in the example above we added 2 to the Y-axis

**Scaling**

Note: Scaling is relative to an arbitery point or the origin

[ 1, 0, 0, 0] [ 1, 0, 0, 0 ] [ 1, 0, 0, 0 ] [ 0, 2, 0, 0] [ 0, 1, 0 ,0 ] [ 0, 2, 0, 0 ] [ 0, 0, 1, 0] X [ 0, 0, 1, 0 ] = [ 0, 0, 1, 0 ] [ 0, 0, 0, 1] [ 0, 2, 0, 1 ] [ 0, 2, 0, 1 ]

The above scaling example you will think that you have scaled your object by 2 on the X axis at the objects origin, but infact you have scaled it by two from the objects origin.

To scale an Object around the objects center you have to input the objects center in an equation in specific places I mentioned earlier ‘MatrixInfo’

for the next example

Object Center or Arbitary point = 3,0,0

[ 1, 0, 0, 0 ] [ 1, 0, 0, 0 ] [ 1, 0, 0, 0 ] [ 0, 2, 0, 0 ] [ 0, 1, 0, 0 ] [ 0, 2, 0, 0 ] [ 0, 0, 1, 0 ]X[ 0, 0, 1, 0 ]=[ 0 ,0, 1, 0 ] [ 3( 1 - 1), 0( 1 - 2), 0( 1 - 1), 1 ] [ 0, 0, 0, 1 ] [ 0, 1, 0, 1 ]

It might look a bit hard to grasp but what I have done above, is taken Arbitary point’s X position and then multiplied it by the result of 1 – scale X and performed that on X, Y, Z

ArbitaryPointX( 1 – scaleX ) which can be writen as [ apX( 1 – sX ) , apY( 1 – sY ), apZ( 1 – sZ ) ]

** Rotation**

**The Z-Axis (Roll)**

*rotZ = The Angle of Rotation you wish to apply*

[ cos( rotZ ),-sin( rotZ ),0,0 ] [ sin( rotZ ), cos( rotZ ),0,0 ] [ 0,0,1,0 ] [ 0,0,0,1 ]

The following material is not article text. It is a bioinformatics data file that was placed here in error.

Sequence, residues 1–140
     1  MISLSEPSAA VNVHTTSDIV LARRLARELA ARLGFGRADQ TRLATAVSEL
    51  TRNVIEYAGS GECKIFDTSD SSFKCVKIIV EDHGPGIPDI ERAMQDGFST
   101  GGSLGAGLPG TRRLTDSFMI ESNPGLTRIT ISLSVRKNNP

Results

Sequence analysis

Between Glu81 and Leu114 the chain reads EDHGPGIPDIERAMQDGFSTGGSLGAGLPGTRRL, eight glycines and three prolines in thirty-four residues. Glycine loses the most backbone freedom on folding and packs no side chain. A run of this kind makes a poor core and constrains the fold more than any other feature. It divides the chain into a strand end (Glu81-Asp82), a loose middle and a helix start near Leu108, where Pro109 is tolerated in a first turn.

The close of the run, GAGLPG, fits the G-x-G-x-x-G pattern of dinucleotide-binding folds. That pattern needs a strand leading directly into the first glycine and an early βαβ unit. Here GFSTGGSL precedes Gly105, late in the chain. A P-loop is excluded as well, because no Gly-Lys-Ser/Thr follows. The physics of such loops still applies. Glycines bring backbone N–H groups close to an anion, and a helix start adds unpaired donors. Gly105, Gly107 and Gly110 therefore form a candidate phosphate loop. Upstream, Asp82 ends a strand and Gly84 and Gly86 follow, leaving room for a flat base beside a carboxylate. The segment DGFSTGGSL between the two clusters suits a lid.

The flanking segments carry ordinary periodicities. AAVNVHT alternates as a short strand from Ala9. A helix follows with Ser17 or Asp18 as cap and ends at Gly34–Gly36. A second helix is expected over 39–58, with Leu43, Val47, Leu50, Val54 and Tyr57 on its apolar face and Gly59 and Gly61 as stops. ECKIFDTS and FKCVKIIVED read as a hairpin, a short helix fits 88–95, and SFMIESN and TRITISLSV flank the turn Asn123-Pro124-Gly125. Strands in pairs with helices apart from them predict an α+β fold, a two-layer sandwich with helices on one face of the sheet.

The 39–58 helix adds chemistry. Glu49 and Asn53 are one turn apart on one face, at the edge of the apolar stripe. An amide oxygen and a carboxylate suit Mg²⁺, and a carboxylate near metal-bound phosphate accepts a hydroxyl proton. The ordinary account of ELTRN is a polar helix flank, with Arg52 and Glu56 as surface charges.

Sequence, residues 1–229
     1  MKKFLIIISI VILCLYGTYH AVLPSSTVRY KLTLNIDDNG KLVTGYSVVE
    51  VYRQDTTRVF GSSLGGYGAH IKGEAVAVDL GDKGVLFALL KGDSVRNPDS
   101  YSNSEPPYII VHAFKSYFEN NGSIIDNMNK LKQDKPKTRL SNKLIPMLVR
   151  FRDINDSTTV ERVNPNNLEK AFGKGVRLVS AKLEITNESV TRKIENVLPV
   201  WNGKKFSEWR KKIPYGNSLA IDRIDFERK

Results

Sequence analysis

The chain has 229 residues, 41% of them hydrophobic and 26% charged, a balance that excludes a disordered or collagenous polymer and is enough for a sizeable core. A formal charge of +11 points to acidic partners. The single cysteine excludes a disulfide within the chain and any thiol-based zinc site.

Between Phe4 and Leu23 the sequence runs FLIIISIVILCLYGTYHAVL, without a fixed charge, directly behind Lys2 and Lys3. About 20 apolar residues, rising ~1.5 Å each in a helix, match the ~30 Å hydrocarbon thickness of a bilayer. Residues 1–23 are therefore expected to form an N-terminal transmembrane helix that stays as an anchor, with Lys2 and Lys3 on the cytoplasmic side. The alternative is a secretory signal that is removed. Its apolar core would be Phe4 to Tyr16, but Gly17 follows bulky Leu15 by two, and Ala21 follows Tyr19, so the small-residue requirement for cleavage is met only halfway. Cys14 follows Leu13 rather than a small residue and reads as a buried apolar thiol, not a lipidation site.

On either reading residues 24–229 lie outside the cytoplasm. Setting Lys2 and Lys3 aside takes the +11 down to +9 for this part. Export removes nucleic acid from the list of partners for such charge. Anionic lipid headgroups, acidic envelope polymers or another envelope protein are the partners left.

**The X-Axis( Pitch)**

*rotX = The Angle of Rotation you wish to apply*

[ 1, 0, 0, 0] [0, cos( rotX ), -sin( rotX ) , 0 ] [0, sin( rotX ) , cos( rotX ) , 0 ] [0, 0, 0, 1]

**The Y-Axis (YAW)**

*rotY = The Angle of Rotation you wish to apply *

[ cos( rotY ) , 0, sin( rotY ) , 0 ] [ 0, 1, 0, 0 ] [ -sin( rotY ) , 0, cos( rotY ) , 0 ] [ 0, 0, 0, 1 ]

** *Note**: If you multiply the 3 Axis before you multiply the translation onto the matrix it will rotate around the world center with an offset of the translation Matrix. If you Multipe the Tranlsation after the Rotations then the object will rotate around its own center and keep the translation position

**Rotation around an axis ie Rotating around an arbitary point:** When you rotate an object, you are always rotate around the world axis, so in order to rotate around a specific point in world space you have to offset the world axis which you will be rotating around. As you have seen above we always rotate one axis at a time, so we shift the world axis one at a time. To test if my rotations where correct I would set a 2 keys and nable ghosting to see how the object rotating rotates around my arbitary point.

**NOTE: Busy working on the rotation around an arbitary point ICE tree and Python scripted operators which I will attach at a later Stage( hopefully this weekend)
**

**Reflection or Mirroring**

**Mirror X**

```
[ -1,0,0,0]
[ 0,1,0,0]
[ 0,0,1,0]
[ 0,0,0,1]
```

**Mirror Y**

```
[ 1,0,0,0]
[ 0,-1,0,0]
[ 0,0,1,0]
[ 0,0,0,1]
```

**Mirror Z**

```
[ 1,0,0,0 ]
[ 0,1,0,0 ]
[ 0,0,-1,0]
[ 0,0,0,1 ]
```

They can be combined in any way you like, depending on the axis you wish to mirror

Hope you found this helpful, let me know if anything I wrote was incorrect or you want me to explain or cover something else.

Cheers for now

Si

This is great stuff thanks Simon. I’ve always been a bit shakey with dealing with rotations via a matrix. this is a fantastic resource